How Do The Ticket Offices Of Moscow Railway Stations Work?

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How Do The Ticket Offices Of Moscow Railway Stations Work?
How Do The Ticket Offices Of Moscow Railway Stations Work?
Video: How Do The Ticket Offices Of Moscow Railway Stations Work?
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Sometimes it is convenient to buy a long-distance train ticket at a time that is not usual for shopping. It is very important to know when the ticket offices are open so as not to go to the station in vain. Almost all major train stations in Moscow sell tickets around the clock.

How do the ticket offices of Moscow railway stations work?
How do the ticket offices of Moscow railway stations work?

Instructions

Step 1

There are nine operating railway stations in Moscow, all of them are located in the central part of the city. Moscow stations have the following names: Belorussky, Kazansky, Kievsky, Kursky, Leningradsky, Paveletsky, Rizhsky, Savelovsky, Yaroslavsky. By the name it is easy to determine which branch of the station serves. Kurskiy railway station also serves the Nizhny Novgorod direction. There are also four additional stations, which are sometimes referred to as train stations.

Step 2

The ticket offices of all major stations are open 24 hours a day, with the exception of Savelovsky and Rizhsky stations. Savelovsky railway station is open from 4:00 am to 11:59 pm. Riga station is open from 8:00 am to 11:00 pm. Depending on the time of day, the number of operating cash desks may vary. During the most "peak" hours of workload, there are always more cash desks than at night. If the station is small, then the suburban ticket office can simultaneously serve long-distance flights.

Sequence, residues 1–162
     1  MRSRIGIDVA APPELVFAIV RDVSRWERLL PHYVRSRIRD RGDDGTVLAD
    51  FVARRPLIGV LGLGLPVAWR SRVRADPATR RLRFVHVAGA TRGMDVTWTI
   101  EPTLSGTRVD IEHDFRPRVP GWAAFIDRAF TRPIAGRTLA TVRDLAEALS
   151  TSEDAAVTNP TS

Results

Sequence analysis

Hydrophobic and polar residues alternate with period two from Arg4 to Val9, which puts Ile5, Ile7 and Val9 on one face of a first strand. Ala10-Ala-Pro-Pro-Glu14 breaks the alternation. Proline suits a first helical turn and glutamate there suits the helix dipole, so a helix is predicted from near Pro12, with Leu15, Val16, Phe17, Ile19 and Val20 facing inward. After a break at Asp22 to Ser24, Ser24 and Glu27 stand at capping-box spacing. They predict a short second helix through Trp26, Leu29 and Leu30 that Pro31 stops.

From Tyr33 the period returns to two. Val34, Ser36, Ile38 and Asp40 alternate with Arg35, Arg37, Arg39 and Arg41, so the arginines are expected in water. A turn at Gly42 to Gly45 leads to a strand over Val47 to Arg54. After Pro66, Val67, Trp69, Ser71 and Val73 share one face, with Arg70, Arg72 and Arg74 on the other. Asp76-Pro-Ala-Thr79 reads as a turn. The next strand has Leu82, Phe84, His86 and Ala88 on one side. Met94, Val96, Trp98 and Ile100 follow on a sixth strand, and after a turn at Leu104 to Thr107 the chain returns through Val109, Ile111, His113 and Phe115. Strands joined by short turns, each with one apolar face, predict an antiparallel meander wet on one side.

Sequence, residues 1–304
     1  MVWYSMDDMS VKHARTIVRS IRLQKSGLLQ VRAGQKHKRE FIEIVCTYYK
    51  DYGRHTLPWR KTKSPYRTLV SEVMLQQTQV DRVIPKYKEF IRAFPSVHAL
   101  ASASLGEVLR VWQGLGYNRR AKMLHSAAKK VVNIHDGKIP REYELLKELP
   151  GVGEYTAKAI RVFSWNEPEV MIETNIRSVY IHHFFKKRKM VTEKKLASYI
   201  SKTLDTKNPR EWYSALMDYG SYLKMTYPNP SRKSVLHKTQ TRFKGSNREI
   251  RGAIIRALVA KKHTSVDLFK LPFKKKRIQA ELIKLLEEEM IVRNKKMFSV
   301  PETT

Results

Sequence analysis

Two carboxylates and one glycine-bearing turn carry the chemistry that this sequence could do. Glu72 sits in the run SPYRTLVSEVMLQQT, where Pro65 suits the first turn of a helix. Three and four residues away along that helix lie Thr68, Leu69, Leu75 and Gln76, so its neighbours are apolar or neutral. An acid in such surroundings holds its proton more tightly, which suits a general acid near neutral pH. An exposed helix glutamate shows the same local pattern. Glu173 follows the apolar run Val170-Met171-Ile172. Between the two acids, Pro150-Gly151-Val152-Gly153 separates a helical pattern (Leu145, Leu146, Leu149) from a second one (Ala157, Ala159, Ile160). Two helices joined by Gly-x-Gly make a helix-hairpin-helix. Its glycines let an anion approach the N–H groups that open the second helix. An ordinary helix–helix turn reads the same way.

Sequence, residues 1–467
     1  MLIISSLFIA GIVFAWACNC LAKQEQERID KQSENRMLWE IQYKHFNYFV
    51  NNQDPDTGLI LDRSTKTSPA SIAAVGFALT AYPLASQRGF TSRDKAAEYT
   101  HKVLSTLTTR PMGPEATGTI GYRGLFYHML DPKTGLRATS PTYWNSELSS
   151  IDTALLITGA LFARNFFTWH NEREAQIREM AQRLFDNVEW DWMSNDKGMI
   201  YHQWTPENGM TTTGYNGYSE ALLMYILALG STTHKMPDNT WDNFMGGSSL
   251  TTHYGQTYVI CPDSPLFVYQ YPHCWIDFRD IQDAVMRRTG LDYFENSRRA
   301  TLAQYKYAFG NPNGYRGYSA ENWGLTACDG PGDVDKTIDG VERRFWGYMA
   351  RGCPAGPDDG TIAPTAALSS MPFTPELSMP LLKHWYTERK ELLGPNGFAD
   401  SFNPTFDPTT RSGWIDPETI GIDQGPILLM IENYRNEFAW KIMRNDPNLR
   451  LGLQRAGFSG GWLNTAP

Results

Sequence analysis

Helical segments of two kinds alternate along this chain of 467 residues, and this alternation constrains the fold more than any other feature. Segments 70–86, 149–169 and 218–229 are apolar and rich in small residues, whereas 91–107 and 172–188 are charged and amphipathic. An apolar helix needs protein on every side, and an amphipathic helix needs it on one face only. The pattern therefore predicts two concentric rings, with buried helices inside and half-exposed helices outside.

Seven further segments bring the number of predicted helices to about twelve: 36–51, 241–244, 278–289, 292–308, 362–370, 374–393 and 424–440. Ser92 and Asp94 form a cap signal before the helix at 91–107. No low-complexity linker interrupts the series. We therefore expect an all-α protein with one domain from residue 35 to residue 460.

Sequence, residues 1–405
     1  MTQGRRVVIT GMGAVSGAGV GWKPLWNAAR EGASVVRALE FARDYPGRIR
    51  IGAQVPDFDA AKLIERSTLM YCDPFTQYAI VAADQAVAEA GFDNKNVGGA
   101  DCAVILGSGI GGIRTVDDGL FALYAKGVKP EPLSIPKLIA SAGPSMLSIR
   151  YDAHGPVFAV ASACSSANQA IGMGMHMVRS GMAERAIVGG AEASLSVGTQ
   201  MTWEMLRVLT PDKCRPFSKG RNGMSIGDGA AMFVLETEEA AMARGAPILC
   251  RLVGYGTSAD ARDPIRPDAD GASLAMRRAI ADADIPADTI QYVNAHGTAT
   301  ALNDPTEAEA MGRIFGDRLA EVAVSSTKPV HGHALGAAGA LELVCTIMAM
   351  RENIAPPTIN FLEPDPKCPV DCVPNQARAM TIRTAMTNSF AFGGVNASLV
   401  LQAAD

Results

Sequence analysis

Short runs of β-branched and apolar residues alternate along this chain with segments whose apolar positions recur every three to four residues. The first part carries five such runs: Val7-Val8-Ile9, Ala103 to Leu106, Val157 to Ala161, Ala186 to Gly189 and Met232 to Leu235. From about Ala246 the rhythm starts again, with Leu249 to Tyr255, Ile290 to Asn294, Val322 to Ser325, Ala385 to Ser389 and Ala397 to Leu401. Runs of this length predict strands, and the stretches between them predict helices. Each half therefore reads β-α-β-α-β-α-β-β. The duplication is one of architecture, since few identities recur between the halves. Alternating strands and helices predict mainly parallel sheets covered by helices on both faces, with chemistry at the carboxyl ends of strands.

Step 3

In the 19th century, there was still the Nizhegorodsky railway station, and at the beginning of the 20th century, urban planners were thinking about making the Central Station the main station in the city. Later this idea was abandoned. The central station was supposed to connect all branches from the rest of the stations. Currently, almost all of them are dead ends, with only two exceptions: the Kursk railway station and the Belorussky railway station. Belorussky railway station is also not 100% dead-end: from it there is one "non-dead" line to the city of Rybinsk.

Step 4

All stations, except for Savelovsky, send long-distance trains. Only electric trains leave from the Savelovsky railway station. Suburban trains also run from other stations. Aeroexpress trains (trains to Moscow airports) run from Paveletsky railway station (to Domodedovo), Kievsky railway station (to Vnukovo) and Belorussky railway station (Sheremetyevo).

Step 5

The busiest stations are Kazansky and Kursky. Most of all long-distance ticket offices are located there. The smallest passenger traffic is at the Rizhsky and Savelovsky stations, which is why long-distance ticket offices there do not work around the clock. Also, only the Rizhsky and Savelovsky railway stations are located not on the metro ring line. Kazansky, Leningradsky and Yaroslavsky railway stations are located nearby, on the same square, which is called Komsomolskaya. Because of the train stations, this square is also called the "Square of the Three Train Stations".

Step 6

Long-distance ticket vending machines are currently installed at each of the stations. With this machine, you can buy a ticket even when the main ticket offices are closed. If you bought a ticket on the Internet, but you need a boarding pass to board, you can also print it out in the machine without contacting the cashier.

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